When I sat down to write this post, it was going in a whole different direction. Given the hot topics of innovation and the future of the legal industry, I was thinking I might add to the growing discussions around the recommendations of the CBA Futures Report (see here, here and here).
Then, about half way down the social media rabbit hole I was following as part of my “blog research”, I came across this interview (thanks @karenskinner) with Alex Novarese, editor-in-Chief of Legal Business, discussing the future of the legal industry in the UK. In the interview Mr. Novarese makes the following observation about the relationship between clients and innovation, I quote:
There is a cliché that clients drive change: it’s often not true. Innovation in many industries often comes from the suppliers. There’s a famous quote Henry Ford was reputed to have said along the lines of: ‘If I just sat around asking what the customers wanted, I’d have invented a faster horse.’
This got me thinking about whether or not Mr. Novarese is right. And, more disturbingly, if the recent reports on access to justice by the CBA and the Action Committee on Access to Civil Justice and Family Matters – both of which suggest putting the public first and involving those who use the system in the reform process – are wrong.
Do people really not know what they want and need? By focusing on user experience are destined to simply get faster horses?
I’m happy to say I respectfully disagree with Mr. Novarese, as do plenty of designers, innovators and researchers who see real value in including users in the innovation design process. In fact, user experience and increased collaboration is seen as particularly important in public sector innovation (see for example, here & here)
That said, working with others on complex justice problems is hard. So hard, in fact, that the HiiL, a première justice innovation lab located in the Hague, has identified developing guidelines for inclusive participation in justice innovation as a challenge for regulatory bodies. Nonetheless, many, like those in BC experimenting with an inclusive family justice social lab and those working to establish local access to justice committees, are already trying.
As those of us working in the justice sector continue to deepen our commitment to collaborative work we need to develop better strategies for working together productively in multi-disciplinary stakeholder groups. “Consulting” with others, is not enough. Users and “non-legal” stakeholders have important skills and experiences we need to draw on. To solve a complex social problem like access to justice, we need to learn to work closely with others who may not share our views, our experiences and maybe even the same perception of the access to justice problem (and solution) that we do.
Luckily there are plenty of resources out there that can help. Many of them are being developed in the social innovation field (from which we can learn a lot). Below are a few randomly selected resources that we’ve begun to adapt, develop, “think on” and practice at the Winkler Institute for Dispute Resolution and the Canadian Forum on Civil Justice in our A2J projects and research.
- HDC Connect offers a number of great resources for innovators wanting to strategically engage with and include multiple communities in the innovation process. Among the many great resources it offers, the website provides a (free) online toolkit containing recourses to help innovators recruit the right participants, build empathy skills in multi-stakeholder settings, and engage in community driven discovery processes. The methods toolkit is based on a human centered design model that – you guessed it – puts people at the center of the process.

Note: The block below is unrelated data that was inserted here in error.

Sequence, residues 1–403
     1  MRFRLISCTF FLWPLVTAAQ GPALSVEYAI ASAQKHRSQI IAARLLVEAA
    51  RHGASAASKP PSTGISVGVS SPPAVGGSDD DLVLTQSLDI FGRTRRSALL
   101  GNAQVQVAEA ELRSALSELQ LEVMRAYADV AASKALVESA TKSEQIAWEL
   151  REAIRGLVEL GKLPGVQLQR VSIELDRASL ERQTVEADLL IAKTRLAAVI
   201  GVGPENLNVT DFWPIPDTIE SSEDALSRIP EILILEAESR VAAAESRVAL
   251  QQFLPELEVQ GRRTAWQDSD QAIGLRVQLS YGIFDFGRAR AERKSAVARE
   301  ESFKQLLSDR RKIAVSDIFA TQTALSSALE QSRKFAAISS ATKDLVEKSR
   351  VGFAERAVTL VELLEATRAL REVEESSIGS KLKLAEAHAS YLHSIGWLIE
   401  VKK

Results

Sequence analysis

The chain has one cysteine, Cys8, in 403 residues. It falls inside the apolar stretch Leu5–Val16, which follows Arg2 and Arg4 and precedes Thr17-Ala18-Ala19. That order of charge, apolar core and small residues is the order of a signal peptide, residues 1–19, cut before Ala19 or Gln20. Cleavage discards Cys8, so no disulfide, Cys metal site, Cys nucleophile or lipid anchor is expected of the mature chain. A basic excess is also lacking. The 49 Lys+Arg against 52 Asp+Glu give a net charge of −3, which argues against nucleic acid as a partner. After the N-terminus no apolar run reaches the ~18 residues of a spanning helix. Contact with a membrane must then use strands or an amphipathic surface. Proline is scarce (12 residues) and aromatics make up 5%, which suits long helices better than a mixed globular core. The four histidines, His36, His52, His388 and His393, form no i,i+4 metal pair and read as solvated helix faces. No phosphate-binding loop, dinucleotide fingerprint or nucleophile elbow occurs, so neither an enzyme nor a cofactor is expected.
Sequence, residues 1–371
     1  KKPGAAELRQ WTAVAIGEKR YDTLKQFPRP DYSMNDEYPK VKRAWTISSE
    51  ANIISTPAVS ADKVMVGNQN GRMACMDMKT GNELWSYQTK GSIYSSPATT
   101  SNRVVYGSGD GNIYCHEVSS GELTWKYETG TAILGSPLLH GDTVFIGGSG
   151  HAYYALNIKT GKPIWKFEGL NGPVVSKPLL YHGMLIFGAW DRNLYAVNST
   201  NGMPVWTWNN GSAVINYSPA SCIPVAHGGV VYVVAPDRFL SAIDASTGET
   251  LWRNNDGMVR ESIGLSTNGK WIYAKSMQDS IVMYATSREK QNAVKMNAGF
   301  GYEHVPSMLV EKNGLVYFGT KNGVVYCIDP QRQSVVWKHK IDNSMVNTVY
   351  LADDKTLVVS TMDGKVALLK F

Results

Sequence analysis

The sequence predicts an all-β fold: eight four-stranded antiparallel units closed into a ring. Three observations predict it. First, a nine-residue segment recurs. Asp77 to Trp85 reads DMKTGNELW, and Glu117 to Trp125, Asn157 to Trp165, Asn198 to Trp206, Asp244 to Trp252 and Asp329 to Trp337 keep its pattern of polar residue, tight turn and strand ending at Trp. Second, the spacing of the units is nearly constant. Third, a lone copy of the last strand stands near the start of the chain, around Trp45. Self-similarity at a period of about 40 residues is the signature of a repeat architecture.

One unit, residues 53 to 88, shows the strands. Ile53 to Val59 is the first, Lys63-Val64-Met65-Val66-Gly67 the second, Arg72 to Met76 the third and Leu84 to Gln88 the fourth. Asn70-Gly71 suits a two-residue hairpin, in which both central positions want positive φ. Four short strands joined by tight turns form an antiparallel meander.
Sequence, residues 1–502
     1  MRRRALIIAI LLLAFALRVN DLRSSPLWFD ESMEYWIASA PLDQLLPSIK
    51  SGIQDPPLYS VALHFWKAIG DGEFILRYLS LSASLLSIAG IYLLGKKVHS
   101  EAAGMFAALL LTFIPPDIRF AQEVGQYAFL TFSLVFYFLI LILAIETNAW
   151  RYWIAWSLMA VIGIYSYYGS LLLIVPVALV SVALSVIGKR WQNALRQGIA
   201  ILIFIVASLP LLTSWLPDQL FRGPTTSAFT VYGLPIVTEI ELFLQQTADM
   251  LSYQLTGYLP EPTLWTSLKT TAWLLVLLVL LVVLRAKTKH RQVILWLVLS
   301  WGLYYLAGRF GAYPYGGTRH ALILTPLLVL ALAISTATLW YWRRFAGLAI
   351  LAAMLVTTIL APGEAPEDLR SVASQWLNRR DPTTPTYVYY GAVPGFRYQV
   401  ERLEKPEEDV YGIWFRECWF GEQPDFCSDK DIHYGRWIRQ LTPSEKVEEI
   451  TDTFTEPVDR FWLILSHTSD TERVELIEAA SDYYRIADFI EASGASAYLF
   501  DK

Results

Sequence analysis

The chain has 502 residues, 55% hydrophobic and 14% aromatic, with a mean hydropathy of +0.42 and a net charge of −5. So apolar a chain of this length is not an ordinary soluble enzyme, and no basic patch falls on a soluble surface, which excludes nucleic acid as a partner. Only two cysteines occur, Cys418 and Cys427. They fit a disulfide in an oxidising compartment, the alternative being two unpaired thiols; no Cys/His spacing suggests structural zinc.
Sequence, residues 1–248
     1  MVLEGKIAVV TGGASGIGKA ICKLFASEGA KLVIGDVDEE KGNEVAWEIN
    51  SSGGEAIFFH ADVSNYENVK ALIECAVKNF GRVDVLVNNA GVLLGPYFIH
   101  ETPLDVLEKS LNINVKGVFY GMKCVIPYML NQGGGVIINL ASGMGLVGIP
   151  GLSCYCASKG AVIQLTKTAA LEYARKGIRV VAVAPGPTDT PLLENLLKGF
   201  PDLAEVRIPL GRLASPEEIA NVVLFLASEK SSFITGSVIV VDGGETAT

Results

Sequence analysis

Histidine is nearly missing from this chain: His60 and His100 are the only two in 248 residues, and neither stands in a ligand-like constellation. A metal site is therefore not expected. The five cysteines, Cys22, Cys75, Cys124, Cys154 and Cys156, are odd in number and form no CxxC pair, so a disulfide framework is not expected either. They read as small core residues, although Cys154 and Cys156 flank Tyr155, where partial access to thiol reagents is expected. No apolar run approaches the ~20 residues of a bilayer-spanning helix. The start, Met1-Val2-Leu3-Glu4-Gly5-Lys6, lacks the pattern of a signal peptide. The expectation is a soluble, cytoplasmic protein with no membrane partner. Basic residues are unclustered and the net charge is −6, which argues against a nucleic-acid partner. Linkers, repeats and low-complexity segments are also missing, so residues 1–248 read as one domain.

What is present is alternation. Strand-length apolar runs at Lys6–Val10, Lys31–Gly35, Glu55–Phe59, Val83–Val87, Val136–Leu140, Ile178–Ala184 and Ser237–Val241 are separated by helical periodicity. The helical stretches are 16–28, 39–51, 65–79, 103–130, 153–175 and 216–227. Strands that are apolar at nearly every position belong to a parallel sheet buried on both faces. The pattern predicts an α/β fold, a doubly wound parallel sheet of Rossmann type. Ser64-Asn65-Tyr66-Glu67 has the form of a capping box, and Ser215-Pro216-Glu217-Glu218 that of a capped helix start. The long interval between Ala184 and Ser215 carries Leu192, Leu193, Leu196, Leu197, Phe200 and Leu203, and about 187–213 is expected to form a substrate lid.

- Similarly, NESTA a UK innovation hub offers a wide range of practical tools, such as “value mapping” exercises that can be used to help multi-stakeholder groups clarify their goals and develop shared values that can assist groups (whether loosely formed, permanent, or project based) in retaining their focus, working productively as a team, being more creative, and better engaging outside stakeholders.
- For those more interested in inclusive law and technology design, the youtube channel UXrevu offers a few short videos that demonstrate how user experience can aid the design process. Although they no longer appear to be actively posting videos – the few available will at least make you stop to consider how useful user experience can be when designing new online justice innovations.
- Finally, the social innovation lab model (which will be familiar to slaw readers thanks to Kari Boyle’s posts, here & here), developed by Adam Khane and the Reos group offers several insights into how to improve our ability to work together on difficult social problems. My own personal favorite challenge put forward by Khane in his book Solving Tough Problems, is to avoid “talking politely”. Too often when working in groups that include participants from beyond our own professional network, we defer to speaking politely in the hopes of minimizing conflict, out of fear of political reprisal, etc. However, to work collaboratively – with users, colleagues and other stakeholders – we need to be able to talk honestly about how we understand the problem and the solution.
Much of the innovation work we need to do in the justice sector will depend on creating the rights conditions for innovation. This starts with bringing together the right groups people to work on the right problems. It will also involve building trust among groups that have not previously been invited into the process. Bottom line: if we don’t create a space where users (and others) feel safe suggesting a car, then we will, indeed, end up with more horses.
— Nicole Aylwin